Categories: Advice and Tips, Finding Balance, Growing a Business, Starting a Business | Comments Off on How to succeed as a multi-passionate creative
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    How to chuck a sickie when you’re self employed


    By Jes Egan

    Taking a sickie when you are running your own small business can be a very hard thing to do, with too much to do and no-one other than yourself or a few employees to pick up the slack. Sometimes it’s harder to accept illness and take a day to recover than it is to just keep on going and to put your health on the back burner.

    When you are running a small creative business you are often doing a bit of everything, if not everything and having a day off sick can mean that things don’t get done on time or get done at all and this can lead to a loss of income, unhappy clients, delays etc. But sometimes an illness or bug will just stop you in your tracks.

    Don’t feel guilty about taking a day to look after yourself, to be able to continue your business running you need to be fighting fit. And to do this sometimes it means you have to spend a day or two in bed, doing nothing, other than resting and recovering.

    Here are a few of my tips on how to manage such days when they come around:

    Write a list

    Write down all the things you were planning on getting done that day, the little things plus the big things. Put it all down on paper or online so that it is out of your head.


    Look at that list and prioritise it: is there anything that absolutely has to be done this day? If so, is it something that can be done from your bed or couch? Move all other non-vital tasks to the next day or later that week.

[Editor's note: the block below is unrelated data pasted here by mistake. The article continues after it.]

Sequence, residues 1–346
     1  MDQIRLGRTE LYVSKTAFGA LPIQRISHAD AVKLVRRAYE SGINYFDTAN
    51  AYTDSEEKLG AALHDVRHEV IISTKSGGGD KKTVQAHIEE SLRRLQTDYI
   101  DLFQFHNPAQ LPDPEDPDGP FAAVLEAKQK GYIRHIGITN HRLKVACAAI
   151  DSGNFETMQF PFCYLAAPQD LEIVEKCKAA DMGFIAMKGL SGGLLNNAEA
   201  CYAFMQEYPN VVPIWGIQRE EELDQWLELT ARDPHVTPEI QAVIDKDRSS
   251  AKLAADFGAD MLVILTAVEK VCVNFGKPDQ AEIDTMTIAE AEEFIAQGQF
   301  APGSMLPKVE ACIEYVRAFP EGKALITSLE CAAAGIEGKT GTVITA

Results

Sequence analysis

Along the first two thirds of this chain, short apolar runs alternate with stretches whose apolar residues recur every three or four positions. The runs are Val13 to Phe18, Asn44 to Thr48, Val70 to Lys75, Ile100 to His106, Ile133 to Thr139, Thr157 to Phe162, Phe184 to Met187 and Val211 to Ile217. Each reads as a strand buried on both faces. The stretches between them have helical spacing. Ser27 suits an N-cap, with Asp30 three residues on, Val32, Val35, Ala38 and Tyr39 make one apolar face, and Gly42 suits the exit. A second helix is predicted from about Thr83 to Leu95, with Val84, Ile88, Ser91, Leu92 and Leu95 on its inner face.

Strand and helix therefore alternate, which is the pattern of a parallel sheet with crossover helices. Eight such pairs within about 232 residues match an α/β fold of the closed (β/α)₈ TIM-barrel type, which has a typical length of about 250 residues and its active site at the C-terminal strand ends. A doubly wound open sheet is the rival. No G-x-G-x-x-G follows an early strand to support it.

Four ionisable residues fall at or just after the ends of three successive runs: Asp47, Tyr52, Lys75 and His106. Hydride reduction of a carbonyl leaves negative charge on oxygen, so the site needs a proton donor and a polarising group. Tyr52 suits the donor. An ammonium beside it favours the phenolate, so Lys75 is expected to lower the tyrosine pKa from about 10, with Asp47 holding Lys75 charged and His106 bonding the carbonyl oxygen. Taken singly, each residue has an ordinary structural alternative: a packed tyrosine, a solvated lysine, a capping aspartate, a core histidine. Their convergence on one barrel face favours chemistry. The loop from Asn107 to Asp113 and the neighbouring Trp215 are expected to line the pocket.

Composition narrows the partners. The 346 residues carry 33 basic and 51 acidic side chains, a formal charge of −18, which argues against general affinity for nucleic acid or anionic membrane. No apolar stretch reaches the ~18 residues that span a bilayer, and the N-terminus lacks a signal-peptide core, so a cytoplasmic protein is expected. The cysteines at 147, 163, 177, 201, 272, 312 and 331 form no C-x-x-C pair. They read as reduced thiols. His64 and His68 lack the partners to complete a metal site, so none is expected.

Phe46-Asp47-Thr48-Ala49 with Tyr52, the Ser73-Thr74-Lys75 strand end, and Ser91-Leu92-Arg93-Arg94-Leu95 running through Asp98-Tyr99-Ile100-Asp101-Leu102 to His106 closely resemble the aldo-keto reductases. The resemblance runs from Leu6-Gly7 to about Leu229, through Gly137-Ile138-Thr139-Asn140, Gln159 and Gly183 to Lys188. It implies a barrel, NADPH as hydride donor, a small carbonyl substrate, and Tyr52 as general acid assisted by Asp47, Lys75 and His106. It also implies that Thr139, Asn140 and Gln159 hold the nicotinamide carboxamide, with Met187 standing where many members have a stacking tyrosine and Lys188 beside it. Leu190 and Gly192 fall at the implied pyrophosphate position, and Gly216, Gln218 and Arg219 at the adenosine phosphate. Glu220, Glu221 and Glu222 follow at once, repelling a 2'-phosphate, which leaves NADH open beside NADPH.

If you have the option to delegate anything from that list then do so. Getting help where you can is really important to reduce your workload on these sick days. If you need to deliver, pick up, place an order etc then ask a friend or relative if they could help you out with that task.

    Do it early

    If you have to do something that can’t wait and that no-one can help you with, then do it early in the day so you can rest and not worry for the rest of the day. Get it over and done with so it isn’t weighing on your mind.

    Manage expectations

    If there is a knock-on delay for delivery from you taking a day or so, send a few emails and let people know that this is coming. Manage their expectations so when you are back you have less work to tidy up. It will also stop people chasing you up and hopefully stop any anxiety you may have about the delay. If you are a heavy email user, put your out of office message on, if it is an option. Once you have done what you need, turn your emails or phone off and try to rest fully without distraction.

    Don’t feel guilty

    Taking time out to look after yourself can be easier said than done - try not to feel guilty or worry about it. Stress doesn’t encourage recovery!